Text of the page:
Interoperability between formats is a recurring problem in systems biology research. Many tools have been developed to convert computational models from one format to another. However, they have been developed independently, resulting in redundancy of efforts and lack of synergy.

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BMC bioinformatics, 17, 1471-2105, 154, 2016

PMID: 27044654

Open Access

Inhibition of fatty acid desaturation is detrimental to cancer cell survival in metabolically compromised environments.
Peck B, Schug ZT, Zhang Q, Dankworth B, Jones DT, Smethurst E, Patel R, Mason S, Jiang M, Saunders R, Howell M, Mitter R, Spencer-Dene B, Stamp G, McGarry L, James D, Shanks E, Aboagye EO, Critchlow SE, Leung HY, Harris AL, Wakelam MJ, Gottlieb E, Schulze A

Enhanced macromolecule biosynthesis is integral to growth and proliferation of cancer cells. Lipid biosynthesis has been predicted to be an essential process in cancer cells. However, it is unclear which enzymes within this pathway offer the best selectivity for cancer cells and could be suitable therapeutic targets.

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Cancer & metabolism, 4, 2049-3002, 6, 2016

PMID: 27042297

Open Access

Effector γδ T Cell Differentiation Relies on Master but Not Auxiliary Th Cell Transcription Factors.
Barros-Martins J, Schmolka N, Fontinha D, Pires de Miranda M, Simas JP, Brok I, Ferreira C, Veldhoen M, Silva-Santos B, Serre K

γδ T lymphocytes are programmed into distinct IFN-γ-producing CD27(+) (γδ27(+)) and IL-17-producing CD27(-) (γδ27(-)) subsets that play key roles in protective or pathogenic immune responses. Although the signature cytokines are shared with their αβ Th1 (for γδ27(+)) and Th17 (for γδ27(-)) cell counterparts, we dissect in this study similarities and differences in the transcriptional requirements of murine effector γδ27(+), γδ27(-)CCR6(-), and γδ27(-)CCR6(+) γδ T cell subsets and αβ T cells. We found they share dependence on the master transcription factors T-bet and RORγt for IFN-γ and IL-17 production, respectively. However, Eomes is fully dispensable for IFN-γ production by γδ T cells. Furthermore, the Th17 cell auxiliary transcription factors RORα and BATF are not required for IL-17 production by γδ27(-) cell subsets. We also show that γδ27(-) (but not γδ27(+)) cells become polyfunctional upon IL-1β plus IL-23 stimulation, cosecreting IL-17A, IL-17F, IL-22, GM-CSF, and IFN-γ. Collectively, our in vitro and in vivo data firmly establish the molecular segregation between γδ27(+) and γδ27(-) T cell subsets and provide novel insight on the nonoverlapping transcriptional networks that control the differentiation of effector γδ versus αβ T cell subsets.

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Journal of immunology (Baltimore, Md. : 1950), , 1550-6606, , 2016

PMID: 26994218

Can follicular helper T cells be targeted to improve vaccine efficacy?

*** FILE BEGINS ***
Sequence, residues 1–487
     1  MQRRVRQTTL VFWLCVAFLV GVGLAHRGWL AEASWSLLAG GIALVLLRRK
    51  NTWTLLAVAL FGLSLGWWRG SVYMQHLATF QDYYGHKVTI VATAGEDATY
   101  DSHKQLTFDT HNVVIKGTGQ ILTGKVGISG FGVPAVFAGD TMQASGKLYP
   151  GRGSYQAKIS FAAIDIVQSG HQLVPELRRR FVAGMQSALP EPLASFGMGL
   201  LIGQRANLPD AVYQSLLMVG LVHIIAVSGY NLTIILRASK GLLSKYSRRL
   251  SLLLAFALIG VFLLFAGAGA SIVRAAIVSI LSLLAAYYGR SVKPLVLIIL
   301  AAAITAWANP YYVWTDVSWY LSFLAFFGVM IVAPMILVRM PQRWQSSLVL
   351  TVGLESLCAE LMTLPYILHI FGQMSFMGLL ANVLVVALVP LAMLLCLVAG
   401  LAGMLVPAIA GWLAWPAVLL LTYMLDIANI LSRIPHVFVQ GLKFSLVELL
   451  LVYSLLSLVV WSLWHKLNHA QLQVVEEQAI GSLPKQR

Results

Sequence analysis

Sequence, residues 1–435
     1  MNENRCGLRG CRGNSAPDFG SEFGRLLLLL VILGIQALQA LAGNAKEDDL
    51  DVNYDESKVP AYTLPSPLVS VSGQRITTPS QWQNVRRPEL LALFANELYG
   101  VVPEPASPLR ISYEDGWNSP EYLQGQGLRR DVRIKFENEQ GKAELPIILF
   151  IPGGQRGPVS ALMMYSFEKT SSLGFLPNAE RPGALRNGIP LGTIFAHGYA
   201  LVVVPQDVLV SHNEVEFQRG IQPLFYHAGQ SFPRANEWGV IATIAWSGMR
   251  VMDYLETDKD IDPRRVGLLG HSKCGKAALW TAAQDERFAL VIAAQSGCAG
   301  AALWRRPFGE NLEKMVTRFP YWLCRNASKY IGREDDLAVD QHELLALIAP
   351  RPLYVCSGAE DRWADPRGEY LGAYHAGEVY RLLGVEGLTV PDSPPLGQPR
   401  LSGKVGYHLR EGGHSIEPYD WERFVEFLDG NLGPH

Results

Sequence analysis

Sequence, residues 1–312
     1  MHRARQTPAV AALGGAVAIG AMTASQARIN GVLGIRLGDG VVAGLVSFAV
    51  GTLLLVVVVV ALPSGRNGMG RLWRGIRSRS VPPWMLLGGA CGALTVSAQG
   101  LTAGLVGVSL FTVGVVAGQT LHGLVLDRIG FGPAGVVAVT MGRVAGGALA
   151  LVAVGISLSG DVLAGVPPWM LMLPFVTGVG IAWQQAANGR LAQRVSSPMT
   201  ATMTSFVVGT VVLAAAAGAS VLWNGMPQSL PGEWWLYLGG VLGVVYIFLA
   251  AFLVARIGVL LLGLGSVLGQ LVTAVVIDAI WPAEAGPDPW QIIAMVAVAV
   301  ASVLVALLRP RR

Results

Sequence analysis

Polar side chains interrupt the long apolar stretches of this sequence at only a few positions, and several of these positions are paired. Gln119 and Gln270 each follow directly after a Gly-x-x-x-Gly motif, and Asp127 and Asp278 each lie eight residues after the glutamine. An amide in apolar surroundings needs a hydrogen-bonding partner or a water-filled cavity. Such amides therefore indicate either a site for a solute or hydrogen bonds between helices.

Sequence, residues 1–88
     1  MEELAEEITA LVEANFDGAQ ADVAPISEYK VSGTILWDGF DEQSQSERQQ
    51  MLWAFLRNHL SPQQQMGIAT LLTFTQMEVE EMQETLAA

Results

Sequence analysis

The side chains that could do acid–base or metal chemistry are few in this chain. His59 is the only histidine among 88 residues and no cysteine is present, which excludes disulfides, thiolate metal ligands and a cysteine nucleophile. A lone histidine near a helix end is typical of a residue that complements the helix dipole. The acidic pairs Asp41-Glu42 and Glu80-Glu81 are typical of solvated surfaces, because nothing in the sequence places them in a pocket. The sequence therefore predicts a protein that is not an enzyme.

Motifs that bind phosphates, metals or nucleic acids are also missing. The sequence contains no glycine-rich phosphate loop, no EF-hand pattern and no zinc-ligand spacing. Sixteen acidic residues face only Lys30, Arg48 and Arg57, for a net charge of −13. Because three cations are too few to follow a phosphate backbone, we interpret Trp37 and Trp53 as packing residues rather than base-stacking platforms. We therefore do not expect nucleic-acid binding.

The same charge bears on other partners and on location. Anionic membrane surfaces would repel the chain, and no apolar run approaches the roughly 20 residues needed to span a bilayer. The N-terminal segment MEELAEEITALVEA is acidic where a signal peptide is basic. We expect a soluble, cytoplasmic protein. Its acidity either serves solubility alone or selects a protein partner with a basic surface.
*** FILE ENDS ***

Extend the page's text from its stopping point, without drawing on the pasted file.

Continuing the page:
Linterman MA, Hill DL

The success of most vaccines relies on the generation of antibodies to provide protection against subsequent infection; this in turn depends on a robust germinal centre (GC) response that culminates in the production of long-lived antibody-secreting plasma cells. The size and quality of the GC response are directed by a specialised subset of CD4 (+) T cells: T follicular helper (Tfh) cells. Tfh cells provide growth and differentiation signals to GC B cells and mediate positive selection of high-affinity B cell clones in the GC, thereby determining which B cells exit the GC as plasma cells and memory B cells. Because of their central role in the production of long-lasting humoral immunity, Tfh cells represent an interesting target for rational vaccine design.

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F1000Research, 5, 2046-1402, , 2016

PMID: 26989476

Open Access

Tumor cells with KRAS or BRAF mutations or ERK5/MAPK7 amplification are not addicted to ERK5 activity for cell proliferation.
Lochhead PA, Clark J, Wang LZ, Gilmour L, Squires M, Gilley R, Foxton C, Newell DR, Wedge SR, Cook SJ

ERK5, encoded by MAPK7, has been proposed to play a role in cell proliferation, thus attracting interest as a cancer therapeutic target. While oncogenic RAS or BRAF cause sustained activation of the MEK1/2-ERK1/2 pathway, ERK5 is directly activated by MEK5. It has been proposed that RAS and RAF proteins can also promote ERK5 activation. Here we investigated the interplay between RAS-RAF-MEK-ERK and ERK5 signaling and studied the role of ERK5 in tumor cell proliferation in 2 disease-relevant cell models. We demonstrate that although an inducible form of CRAF (CRAF:ER*) can activate ERK5 in fibroblasts, the response is delayed and reflects feed-forward signaling. Additionally, oncogenic KRAS and BRAF do not activate ERK5 in epithelial cells. Although KRAS and BRAF do not couple directly to MEK5-ERK5, ERK5 signaling might still be permissive for proliferation. However, neither the selective MEK5 inhibitor BIX02189 or ERK5 siRNA inhibited proliferation of colorectal cancer cells harbouring KRAS(G12C/G13D) or BRAF(V600E). Furthermore, there was no additive or synergistic effect observed when BIX02189 was combined with the MEK1/2 inhibitor Selumetinib (AZD6244), suggesting that ERK5 was neither required for proliferation nor a driver of innate resistance to MEK1/2 inhibitors. Finally, even cancer cells with MAPK7 amplification were resistant to BIX02189 and ERK5 siRNA, showing that ERK5 amplification does not confer addiction to ERK5 for cell proliferation. Thus ERK5 signaling is unlikely to play a role in tumor cell proliferation downstream of KRAS or BRAF or in tumor cells with ERK5 amplification. These results have important implications for the role of ERK5 as an anti-cancer drug target.